The ability to link language to the world around us is a crowning feature of our species. For very young infants, it is not yet about learning the meaning of words like “cat” or “dog.” Rather, the acoustic signals in speech help foster infants' fundamental cognitive capacities, including the formation of categories of objects, such as cats or dogs.
The sounds that activate this key step in development can come not just from human language but also from vocalizations made by nonhuman primates. A new study shows that babies do not use just any natural sound to build cognition, however. While primate calls and human language pass the test, birdsongs do not.
“By tracing the link from language to cognition and how it’s built up with babies’ experiences with objects in the world, we get to see what are the components of this quintessential human ability to go beyond the here and now,” says Sandra Waxman, a developmental scientist at Northwestern University and senior author of the findings, which were published today in PLOS ONE. “Asking how broad that earliest link is helps to answer questions about our evolutionary legacy.”
By three or four months of age, infants can categorize objects—from toys and food to pets and people—based on commonalities those objects share. This ability is boosted if the objects are presented while the infants are listening to language.
The new findings build on previous work Waxman and her colleagues conducted about which sounds outside of the realm of human speech support infants’ ability to categorize objects. In past studies, they found that sequences of pure tones and backward speech do not help infants under six months of age to categorize objects, whereas listening to vocalizations from nonhuman primates—specifically, lemurs—does. “The lemur finding rocked my little world, because it showed that the template was broader than human linguistic signals alone,” Waxman says. “It told us there’s something inborn in babies in selecting signals that will have positive downstream effects to support cognition.”
Rather than incrementally investigate the breadth of sounds that babies respond to by testing their responses to various nonprimate mammals, the researchers decided to take a broader jump to a nonmammalian species. “We wanted to really find a boundary condition,” Waxman says. She and her colleagues selected zebra finches because they are one of the most studied birds and because the species’s song is about the same length and frequency as primate vocalizations.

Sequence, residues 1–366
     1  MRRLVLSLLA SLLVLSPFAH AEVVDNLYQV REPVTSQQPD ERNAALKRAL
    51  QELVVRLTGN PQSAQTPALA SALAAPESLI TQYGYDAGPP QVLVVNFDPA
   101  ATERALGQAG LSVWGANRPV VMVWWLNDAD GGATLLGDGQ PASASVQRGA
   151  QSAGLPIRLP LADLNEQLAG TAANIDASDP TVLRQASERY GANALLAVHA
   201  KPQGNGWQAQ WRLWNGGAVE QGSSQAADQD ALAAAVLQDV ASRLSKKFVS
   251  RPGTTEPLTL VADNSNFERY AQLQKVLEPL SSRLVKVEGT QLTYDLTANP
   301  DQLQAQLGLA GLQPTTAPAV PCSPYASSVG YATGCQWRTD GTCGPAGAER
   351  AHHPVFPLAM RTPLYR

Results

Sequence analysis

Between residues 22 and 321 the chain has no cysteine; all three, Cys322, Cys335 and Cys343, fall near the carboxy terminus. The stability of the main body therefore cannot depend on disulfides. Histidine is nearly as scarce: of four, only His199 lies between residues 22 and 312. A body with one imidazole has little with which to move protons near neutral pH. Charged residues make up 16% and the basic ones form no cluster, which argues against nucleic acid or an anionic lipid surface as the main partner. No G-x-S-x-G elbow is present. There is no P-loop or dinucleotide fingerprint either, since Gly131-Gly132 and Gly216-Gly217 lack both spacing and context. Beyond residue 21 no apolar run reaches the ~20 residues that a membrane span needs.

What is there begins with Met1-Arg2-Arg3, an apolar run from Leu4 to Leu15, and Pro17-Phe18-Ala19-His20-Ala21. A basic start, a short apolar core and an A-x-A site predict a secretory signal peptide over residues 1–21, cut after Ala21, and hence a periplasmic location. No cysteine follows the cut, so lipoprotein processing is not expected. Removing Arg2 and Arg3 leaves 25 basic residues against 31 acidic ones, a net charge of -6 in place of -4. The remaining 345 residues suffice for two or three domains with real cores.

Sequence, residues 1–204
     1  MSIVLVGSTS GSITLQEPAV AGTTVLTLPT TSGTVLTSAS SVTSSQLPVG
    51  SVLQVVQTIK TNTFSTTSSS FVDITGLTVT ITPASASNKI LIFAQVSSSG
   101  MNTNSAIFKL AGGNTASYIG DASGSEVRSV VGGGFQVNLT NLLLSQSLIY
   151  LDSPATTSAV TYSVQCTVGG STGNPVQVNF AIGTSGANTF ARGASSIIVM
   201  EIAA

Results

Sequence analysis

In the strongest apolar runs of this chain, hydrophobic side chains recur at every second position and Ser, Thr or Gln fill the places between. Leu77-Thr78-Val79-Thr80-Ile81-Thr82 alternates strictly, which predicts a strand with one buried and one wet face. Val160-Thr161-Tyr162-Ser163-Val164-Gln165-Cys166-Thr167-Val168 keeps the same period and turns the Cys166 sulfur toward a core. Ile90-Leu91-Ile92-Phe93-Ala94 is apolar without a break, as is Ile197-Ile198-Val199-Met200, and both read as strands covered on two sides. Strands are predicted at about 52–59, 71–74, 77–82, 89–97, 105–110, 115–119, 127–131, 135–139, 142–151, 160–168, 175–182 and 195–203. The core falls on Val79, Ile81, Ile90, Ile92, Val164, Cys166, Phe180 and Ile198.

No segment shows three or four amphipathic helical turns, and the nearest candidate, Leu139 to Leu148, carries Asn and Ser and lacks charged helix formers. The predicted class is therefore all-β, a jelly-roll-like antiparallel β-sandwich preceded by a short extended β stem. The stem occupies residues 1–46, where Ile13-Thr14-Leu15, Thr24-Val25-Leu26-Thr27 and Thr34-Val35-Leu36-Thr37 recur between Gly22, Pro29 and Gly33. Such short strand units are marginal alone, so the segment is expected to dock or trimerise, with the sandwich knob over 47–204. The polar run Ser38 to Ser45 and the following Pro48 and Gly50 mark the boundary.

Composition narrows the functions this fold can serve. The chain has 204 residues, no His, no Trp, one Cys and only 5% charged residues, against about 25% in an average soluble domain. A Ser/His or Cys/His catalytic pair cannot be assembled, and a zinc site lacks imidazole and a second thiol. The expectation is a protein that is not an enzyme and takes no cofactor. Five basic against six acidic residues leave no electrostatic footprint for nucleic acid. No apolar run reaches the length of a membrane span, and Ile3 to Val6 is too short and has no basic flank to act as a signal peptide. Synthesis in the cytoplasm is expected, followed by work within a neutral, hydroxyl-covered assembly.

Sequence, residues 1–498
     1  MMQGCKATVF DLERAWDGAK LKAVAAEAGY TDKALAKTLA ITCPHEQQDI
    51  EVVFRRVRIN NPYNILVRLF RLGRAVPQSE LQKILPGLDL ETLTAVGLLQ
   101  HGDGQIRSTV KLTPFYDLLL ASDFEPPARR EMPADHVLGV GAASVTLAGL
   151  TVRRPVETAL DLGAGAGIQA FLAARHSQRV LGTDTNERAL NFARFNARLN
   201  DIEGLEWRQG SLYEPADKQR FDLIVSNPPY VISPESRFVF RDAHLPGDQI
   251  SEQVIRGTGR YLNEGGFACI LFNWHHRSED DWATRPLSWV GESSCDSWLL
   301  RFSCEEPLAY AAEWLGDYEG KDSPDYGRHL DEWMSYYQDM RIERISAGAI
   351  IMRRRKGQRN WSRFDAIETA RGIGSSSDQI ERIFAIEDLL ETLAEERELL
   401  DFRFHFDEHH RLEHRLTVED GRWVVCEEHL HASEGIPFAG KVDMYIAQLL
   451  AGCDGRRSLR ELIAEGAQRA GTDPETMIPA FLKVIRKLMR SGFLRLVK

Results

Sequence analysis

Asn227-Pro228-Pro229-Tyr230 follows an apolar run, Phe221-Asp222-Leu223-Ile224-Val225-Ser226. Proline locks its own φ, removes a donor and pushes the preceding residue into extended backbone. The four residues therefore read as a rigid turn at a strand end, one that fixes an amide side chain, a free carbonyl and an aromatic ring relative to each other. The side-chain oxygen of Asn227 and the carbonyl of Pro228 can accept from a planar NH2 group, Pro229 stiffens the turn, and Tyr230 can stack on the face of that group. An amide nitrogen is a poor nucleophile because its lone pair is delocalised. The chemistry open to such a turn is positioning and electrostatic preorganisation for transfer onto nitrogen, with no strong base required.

Replicating the same categorization task used in past studies, the researchers showed 23 three- to four-month-olds eight images representing one of two categories—dinosaurs or fish—while simultaneously playing a zebra finch song. Next, in silence, they showed the infants two new images—one within the same category they previously viewed and one within the other category. Based on the previous work, the researchers knew that if the birdsong boosted the infants’ categorization, they would distinguish between the two test images. But in analyzing the infants’ gaze, the team found no difference in the amount of time the babies spent looking at either the familiar image or the new one. This indicated that the zebra finch song did not facilitate object categorization.
“This new study builds on an elegant and highly impactful line of research,” says Jenny Saffran, a professor of psychology at the University of Wisconsin–Madison, who was not involved in the research. “The fact that speech and lemur calls impact infant category learning—but not birdsong—suggests that sounds with particular rhythmic organization, perhaps related to the structure of primate vocalizations, are privileged for infants in ways that other sounds are not, potentially facilitating human language learning.”
The researchers’ conclusion that they did not find a connection between birdsong and infant cognition is important for building “a comprehensive picture of infant behavior, including what infants can and cannot do at a certain age and under certain experimental conditions,” adds Chiara Santolin, a developmental psychologist at Pompeu Fabra University in Barcelona, who was also not involved in the work. “This study, along with other research, addresses a crucial issue in developmental psychology: What is the connection between human language and cognition?”
Waxman and her colleagues are planning several lines of follow-up research to home in on the answers, including testing infants’ responses to vocalizations from nonprimate mammals; applying machine-learning techniques to try to identify which acoustic features contribute to an auditory signal making an impression; and using electroencephalographic caps to see what is happening in infants’ brain while they listen to various sounds.
“That the brain responds differently is self-evident, now that we have the data,” Waxman says. “But what is underneath that’s directing this is not.”